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The Thorn in the Flesh

"When will it be over?" I asked myself this question as I stared at the fresh cut on my arm. I’ve been in and out of therapy for most of my life, so I should be cured by now, right? Then why do I always end up back here?

The first time I knew something was wrong was in elementary school. I would often get upset at the smallest thing, from accidentally spilling something to getting an answer wrong. When I got upset I would smack myself in the head, cry, and scream. One time I got so upset that the principal had to be called into to calm me down. My classmates got a kick out of it, so they would often provoke me by calling me names. I tried to ignore them, but in the end they would always win.

Finally one day in sixth grade I had enough of it. I tried to kill myself by jumping off the monkey bars at recess. Obviously I wasn’t very successful, but when the school called my mom, she knew I needed help. That’s when I went to my first therapist. We saw each other for about six months, and we made some progress, but by the time I was in high school I was back in therapy again.

It was also in high school that I discovered cutting. When I first started, I didn’t know anyone else did it; I just wanted to see how far I could push the blade into my skin. It felt like all the pain I bottled up inside could escape through my cuts. I knew it was bad, but it was the only thing that gave me quick relief. It was the only thing that felt real.

Then when I was 17 a girlfriend led me to Christ. Before that I had always been skeptical of organized religion, thinking that it was just a way to control people. I was surprised to hear that God was not the far-right-winged tyrant that I thought He was; He was calling me to be His son. As I read the Bible I realized that Jesus came not for the people who got it all together, but for the hurt, the lonely, and the depressed. People like me. So I became a Christian, and that’s when the healing began. I learned how to forgive the people who wrong me, and how to rely on God.

So why do I still have these relapses? Why, after everything I’ve learned, do I keep going through these cycles of breaking down and repenting? The Bible mentions Jesus driving demons out of a man who hid in caves and cut himself with rocks. When would all my demons finally be gone?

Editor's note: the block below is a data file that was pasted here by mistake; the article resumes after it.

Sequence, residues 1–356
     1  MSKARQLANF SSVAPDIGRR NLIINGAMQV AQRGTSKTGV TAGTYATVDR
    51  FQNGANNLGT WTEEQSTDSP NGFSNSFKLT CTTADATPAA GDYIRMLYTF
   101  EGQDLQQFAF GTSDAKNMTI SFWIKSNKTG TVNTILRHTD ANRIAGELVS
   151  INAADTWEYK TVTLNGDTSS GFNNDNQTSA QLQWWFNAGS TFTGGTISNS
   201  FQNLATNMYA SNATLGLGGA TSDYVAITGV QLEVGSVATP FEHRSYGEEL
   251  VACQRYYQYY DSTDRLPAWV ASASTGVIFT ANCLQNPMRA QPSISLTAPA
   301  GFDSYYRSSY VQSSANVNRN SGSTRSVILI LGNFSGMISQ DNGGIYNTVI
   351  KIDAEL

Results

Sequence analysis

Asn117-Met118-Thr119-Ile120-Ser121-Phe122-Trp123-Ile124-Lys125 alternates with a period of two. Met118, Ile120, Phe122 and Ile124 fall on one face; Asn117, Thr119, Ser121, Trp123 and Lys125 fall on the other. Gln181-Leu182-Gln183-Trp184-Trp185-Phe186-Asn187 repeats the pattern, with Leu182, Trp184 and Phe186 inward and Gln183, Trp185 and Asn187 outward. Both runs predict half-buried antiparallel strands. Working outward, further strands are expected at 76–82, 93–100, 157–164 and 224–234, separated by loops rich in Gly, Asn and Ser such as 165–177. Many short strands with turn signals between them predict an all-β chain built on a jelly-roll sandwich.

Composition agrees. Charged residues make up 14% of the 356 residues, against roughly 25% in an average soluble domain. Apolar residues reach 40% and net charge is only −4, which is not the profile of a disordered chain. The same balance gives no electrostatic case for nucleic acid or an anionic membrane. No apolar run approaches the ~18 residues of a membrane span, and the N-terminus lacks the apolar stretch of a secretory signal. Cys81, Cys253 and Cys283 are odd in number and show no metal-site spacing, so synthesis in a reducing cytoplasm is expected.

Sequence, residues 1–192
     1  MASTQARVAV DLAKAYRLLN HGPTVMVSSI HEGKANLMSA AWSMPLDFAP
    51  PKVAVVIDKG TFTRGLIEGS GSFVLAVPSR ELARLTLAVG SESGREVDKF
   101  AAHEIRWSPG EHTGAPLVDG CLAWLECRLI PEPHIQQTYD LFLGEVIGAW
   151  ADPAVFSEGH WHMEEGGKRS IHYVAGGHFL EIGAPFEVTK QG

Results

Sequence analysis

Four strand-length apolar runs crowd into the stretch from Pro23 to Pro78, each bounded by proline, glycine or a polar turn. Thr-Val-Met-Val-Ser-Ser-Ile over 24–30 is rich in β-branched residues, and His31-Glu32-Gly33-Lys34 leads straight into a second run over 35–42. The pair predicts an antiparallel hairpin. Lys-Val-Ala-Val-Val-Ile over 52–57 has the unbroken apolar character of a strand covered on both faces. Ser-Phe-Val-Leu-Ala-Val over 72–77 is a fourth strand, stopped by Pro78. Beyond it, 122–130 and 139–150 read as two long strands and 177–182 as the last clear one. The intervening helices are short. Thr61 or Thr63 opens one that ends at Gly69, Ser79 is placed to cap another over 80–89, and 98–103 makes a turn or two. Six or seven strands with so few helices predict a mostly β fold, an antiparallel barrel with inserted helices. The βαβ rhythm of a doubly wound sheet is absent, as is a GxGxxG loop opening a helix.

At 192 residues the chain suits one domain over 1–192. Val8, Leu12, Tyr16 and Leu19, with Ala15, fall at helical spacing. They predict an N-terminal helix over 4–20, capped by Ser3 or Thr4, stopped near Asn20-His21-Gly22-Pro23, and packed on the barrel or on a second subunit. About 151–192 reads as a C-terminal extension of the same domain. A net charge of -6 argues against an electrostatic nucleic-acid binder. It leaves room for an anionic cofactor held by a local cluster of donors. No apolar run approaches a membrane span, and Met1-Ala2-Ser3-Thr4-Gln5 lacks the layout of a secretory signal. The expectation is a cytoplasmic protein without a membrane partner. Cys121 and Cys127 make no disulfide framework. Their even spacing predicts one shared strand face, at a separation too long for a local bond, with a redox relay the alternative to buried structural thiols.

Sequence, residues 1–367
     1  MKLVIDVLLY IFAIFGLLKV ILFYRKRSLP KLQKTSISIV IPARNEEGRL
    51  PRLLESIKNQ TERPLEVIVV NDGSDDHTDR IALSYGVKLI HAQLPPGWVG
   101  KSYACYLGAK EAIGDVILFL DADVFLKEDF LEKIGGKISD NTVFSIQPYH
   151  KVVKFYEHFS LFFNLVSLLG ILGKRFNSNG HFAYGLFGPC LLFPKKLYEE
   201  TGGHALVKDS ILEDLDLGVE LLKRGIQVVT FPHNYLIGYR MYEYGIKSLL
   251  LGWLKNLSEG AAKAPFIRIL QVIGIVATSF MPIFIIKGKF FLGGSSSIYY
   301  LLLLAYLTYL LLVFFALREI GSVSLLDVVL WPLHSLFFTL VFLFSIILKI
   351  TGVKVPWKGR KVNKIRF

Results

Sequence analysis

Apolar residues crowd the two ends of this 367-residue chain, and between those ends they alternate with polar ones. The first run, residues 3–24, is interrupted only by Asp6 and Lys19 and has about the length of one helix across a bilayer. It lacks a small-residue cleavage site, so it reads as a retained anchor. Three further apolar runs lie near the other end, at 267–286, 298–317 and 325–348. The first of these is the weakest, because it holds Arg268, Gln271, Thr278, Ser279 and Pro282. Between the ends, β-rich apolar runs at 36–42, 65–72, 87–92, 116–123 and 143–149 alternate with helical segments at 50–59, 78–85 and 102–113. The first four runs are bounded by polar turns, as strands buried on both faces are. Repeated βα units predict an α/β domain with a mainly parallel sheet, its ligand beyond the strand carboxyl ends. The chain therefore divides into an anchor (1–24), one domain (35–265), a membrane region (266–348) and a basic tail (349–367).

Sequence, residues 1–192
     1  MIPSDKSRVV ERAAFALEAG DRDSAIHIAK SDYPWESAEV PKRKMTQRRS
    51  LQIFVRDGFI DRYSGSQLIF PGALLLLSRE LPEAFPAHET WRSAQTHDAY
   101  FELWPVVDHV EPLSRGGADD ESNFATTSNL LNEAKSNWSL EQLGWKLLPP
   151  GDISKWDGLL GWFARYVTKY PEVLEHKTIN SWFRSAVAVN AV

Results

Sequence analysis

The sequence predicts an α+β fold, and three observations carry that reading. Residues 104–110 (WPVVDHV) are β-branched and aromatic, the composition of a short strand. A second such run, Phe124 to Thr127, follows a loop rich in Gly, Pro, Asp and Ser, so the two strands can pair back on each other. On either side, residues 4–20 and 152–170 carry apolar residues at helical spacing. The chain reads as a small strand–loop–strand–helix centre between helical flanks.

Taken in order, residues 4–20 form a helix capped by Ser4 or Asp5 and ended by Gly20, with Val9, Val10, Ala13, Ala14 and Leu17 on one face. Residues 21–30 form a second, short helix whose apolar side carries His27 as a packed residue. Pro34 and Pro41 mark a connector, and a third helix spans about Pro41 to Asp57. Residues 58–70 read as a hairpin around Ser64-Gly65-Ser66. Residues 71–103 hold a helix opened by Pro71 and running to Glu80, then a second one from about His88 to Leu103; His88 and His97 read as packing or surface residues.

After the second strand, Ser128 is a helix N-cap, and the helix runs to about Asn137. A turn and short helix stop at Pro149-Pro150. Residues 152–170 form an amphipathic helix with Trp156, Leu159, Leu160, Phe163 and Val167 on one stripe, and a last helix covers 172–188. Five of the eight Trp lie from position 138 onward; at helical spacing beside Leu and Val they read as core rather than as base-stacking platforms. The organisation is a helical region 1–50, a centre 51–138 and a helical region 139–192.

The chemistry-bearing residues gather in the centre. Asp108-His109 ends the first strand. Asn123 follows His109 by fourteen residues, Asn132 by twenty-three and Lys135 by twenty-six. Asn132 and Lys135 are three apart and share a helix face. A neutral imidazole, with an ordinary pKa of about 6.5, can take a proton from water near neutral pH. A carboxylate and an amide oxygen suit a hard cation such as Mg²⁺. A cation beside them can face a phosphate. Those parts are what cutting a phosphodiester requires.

It’s in these moments of questioning that I remember the thorn in Paul’s flesh (2 Corinthians 12:7). Although the Bible never says what exactly that thorn was, Paul writes about he begged the Lord three times to remove it. But then the Lord responds, "My grace is sufficient for you, for my power is made perfect in weakness” (verse 9).

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I can’t imagine how my weakness and hang-ups can possibly give glory to God. When people look at me, I want them to see a strong man, a man whose life has been changed by God. More often, however, people see my failures and moments of weakness when I let this depression drag me down. What kind of testimony is that supposed to give?

Maybe that’s exactly the kind of testimony I’m supposed to give. If I had the strength to battle my proverbial demons on my own, I would have never given my life to Jesus in the first place. But the truth is I’m not. I tried to do it on my own, but just fell back into the same cycle of depression and getting better and falling back again. Then when I became a Christian I realized that I didn’t have to battle it alone. In fact, the battle is not even mine to begin with; it’s God’s. There are moments when it seems as if all is lost, and the darkness is completely taking over. But then there always ends up being something to keep me going. It could be a Bible verse, a memory of being blessed, or a gut feeling that everything’s going ot be okay. God’s mercy always shines through the darkness.

There is a particular Bible verse that comes to mind: “Praise be to the God and Father of our Lord Jesus Christ, the Father of compassion and the God of all comfort, who comforts us in all our troubles, so that we can comfort those in trouble with the comfort we ourselves have received from God” (2 Corinthians 1:3-4). Maybe there’s some one out there right now, huddled up in his or her room, wondering when the darkness will end. Maybe this person is waiting to hear a story such as mine, a story that will make him or her realize, “Hey, I’m not alone!”

For years I’ve denied having a thorn in my flesh. Now not only do I acknowledge it, but I know that I have to care for it when I feel the slightest sting. Throughout my life I’ve begged God to remove my thorn. But now I know that it serves a purpose here on earth, although I maybe not see it at first. And when I get to Heaven, I’ll finally feel the joy of no longing having a thorn in my flesh.

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